The truth about Botox for TMJ disorders

Botox quickly gained a stellar reputation for its ability to combat fine lines and wrinkles. Now the neuromodulator is being applauded for its ability to: help realign lazy eyes (when injected into a key eye muscle); give the appearance of a longer face (when injected into the chin); mitigate hyperhidrosis (also known as excessive underarm sweating); relieve migraines; and even relieve an overactive bladder. Also, if you suffer from temporomandibular joint (TMJ) dysfunction, a group of facial bone disorders that can cause severe pain, tenderness, and a decreased range of motion in your jaw, Botox can help with that, too.

What is ATM?

Before revealing the correlation between Botox and TMJ, it helps to know what TMJ is from an all-encompassing point of view. Short for temporomandibular joint, TMJ is a disorder that resides in the actual jaw joint. It’s important to note that TMJ is often confused with TMD (temporomandibular joint disorder), which is actually the category assigned to a handful of disorders that can affect the jaw joint. In simple terms, TMJ refers to the joint itself, while TMD refers to disorders that can wreak havoc. in the joint

“TMD/TMJ problems are orthopedic problems involving muscles, joints, ligaments, and tendons,” says orofacial pain specialist Donald R. Tanenbaum, DDS, MPH. “Common problems are joint sprains, tendon strains and muscle problems, such as pain, spasm, inflammation and tension.” The cause of these symptoms is simple: overuse.

“Behaviors and habits such as biting nails and cuticles, and contact or clenching of the teeth, overload the muscles of the jaw, which can lead to muscle injuries and symptoms of pain, limited jaw movement, inability to bring the teeth together normally and/or lockjaw,” says Dr. Tanenbaum. “In addition, grinding and clenching your teeth during sleep can also overload and fatigue your jaw muscles, leading to morning headaches, sore jaw muscles, tooth pain, and limited jaw movement.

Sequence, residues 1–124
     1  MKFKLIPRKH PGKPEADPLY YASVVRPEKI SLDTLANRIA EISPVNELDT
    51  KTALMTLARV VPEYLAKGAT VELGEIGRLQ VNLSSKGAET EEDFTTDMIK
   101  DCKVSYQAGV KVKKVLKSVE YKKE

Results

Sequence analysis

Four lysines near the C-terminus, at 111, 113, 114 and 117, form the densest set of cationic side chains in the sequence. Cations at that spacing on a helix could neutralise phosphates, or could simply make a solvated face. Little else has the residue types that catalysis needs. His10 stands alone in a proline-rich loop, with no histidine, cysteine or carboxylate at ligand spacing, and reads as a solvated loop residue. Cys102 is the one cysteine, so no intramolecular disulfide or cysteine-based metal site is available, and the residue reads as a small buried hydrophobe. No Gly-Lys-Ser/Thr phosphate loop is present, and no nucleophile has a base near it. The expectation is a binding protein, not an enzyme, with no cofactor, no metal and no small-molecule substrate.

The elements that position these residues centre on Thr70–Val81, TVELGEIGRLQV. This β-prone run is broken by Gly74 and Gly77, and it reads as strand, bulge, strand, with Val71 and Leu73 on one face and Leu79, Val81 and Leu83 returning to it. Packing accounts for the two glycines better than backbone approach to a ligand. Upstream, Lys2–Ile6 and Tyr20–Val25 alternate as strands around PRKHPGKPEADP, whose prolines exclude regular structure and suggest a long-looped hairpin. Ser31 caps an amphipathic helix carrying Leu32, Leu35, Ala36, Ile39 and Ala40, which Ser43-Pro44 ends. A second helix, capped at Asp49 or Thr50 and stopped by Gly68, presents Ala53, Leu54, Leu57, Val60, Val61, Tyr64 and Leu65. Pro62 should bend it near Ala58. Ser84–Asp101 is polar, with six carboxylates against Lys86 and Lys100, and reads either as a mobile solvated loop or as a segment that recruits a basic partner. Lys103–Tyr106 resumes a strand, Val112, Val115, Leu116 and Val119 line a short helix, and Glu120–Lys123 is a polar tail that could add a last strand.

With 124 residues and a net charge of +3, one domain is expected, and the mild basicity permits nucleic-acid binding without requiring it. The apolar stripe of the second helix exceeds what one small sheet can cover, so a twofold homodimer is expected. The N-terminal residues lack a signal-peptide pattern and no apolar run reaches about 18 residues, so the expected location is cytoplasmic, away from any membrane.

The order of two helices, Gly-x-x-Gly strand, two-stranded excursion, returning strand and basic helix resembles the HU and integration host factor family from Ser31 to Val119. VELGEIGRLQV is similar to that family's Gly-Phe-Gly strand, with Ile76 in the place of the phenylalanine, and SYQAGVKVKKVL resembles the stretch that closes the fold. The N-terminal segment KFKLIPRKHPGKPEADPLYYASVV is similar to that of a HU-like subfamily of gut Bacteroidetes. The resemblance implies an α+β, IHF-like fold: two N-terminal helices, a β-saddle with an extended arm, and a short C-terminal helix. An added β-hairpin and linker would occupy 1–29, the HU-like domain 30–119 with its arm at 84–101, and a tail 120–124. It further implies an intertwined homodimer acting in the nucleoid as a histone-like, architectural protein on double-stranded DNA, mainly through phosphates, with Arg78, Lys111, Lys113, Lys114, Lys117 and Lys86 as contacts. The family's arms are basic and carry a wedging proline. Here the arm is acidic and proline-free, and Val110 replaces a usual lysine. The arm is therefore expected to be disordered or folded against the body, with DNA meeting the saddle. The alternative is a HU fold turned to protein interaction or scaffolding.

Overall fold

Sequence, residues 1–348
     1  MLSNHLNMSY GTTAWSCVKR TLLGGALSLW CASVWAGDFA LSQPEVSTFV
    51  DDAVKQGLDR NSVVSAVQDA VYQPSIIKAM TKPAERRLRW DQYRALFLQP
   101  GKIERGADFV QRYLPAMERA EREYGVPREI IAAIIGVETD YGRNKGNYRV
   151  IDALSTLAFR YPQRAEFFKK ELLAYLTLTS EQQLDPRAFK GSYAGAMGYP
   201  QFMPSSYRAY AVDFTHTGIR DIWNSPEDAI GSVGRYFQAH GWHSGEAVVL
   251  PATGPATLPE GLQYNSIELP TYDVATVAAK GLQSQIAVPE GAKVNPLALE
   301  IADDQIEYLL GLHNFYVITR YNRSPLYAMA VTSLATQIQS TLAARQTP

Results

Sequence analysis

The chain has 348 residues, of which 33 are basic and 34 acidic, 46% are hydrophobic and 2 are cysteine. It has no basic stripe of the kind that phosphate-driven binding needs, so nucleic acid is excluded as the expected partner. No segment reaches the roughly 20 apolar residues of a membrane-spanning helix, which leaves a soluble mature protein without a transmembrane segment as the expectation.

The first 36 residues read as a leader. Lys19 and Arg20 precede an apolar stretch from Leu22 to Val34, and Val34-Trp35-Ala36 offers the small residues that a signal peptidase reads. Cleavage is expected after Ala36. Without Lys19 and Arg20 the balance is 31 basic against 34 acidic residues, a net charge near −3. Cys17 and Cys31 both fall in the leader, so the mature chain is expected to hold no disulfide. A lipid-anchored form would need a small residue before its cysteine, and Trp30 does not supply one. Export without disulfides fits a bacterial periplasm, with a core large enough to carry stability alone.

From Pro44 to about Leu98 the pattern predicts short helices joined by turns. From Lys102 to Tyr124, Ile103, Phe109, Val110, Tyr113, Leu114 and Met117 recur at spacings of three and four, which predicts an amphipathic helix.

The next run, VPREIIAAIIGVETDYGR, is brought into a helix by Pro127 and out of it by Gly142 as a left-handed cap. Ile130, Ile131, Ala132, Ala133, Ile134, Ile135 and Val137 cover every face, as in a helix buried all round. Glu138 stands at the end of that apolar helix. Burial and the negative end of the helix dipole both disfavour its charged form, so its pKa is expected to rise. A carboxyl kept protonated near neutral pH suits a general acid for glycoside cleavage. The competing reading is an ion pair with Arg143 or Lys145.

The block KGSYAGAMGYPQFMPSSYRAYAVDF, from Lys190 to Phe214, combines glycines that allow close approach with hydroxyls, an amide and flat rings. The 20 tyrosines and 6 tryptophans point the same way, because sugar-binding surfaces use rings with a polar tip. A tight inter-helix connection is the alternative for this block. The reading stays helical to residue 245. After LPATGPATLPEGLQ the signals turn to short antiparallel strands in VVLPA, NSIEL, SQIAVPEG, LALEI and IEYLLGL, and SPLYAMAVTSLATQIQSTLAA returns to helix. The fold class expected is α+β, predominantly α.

Does Botox really help with TMJ disorders?

Think about how Botox works: It’s designed to inhibit muscle contraction. As such, injecting Botox into the masseter (the muscle that is largely responsible for jaw movement) can, in effect, alleviate the overstimulation of certain daily habits that can lead to TMJ problems. But do not worry! Getting Botox will not make it impossible to open your mouth or make it difficult to speak.

“Botox doesn’t stop muscle contraction but it does reduce the intensity of the contraction,” says Dr. Tanenbaum. “Because it works by reducing a muscle’s ability to contract and tense as vigorously as usual, it can help overworked muscles begin to relax and return to health.”

All this to say: Yes, Botox for TMJ really does. does it to work. “Botox injections can help reduce the common symptoms of TMJ pain, discomfort, tightness, tension, and fatigue,” says Dr. Tanenbaum. (But remember: This is still a relatively new practice. Most Botox for TMJ studies insist that more research is needed to definitively prove the benefits of the treatment.)

One thing to keep in mind: Botox is not the answer to all TMJ/TMD problems. According to Dr. Tanenbaum, it is not used regularly to treat problems with clicking and locking of the jaw.

Botox for TMJ Logistics

Although the masseter is the largest muscle in the jaw, Dr. Tanenbaum says that for the most effective treatment, Botox should be injected into the temporal bone to treat TMJ.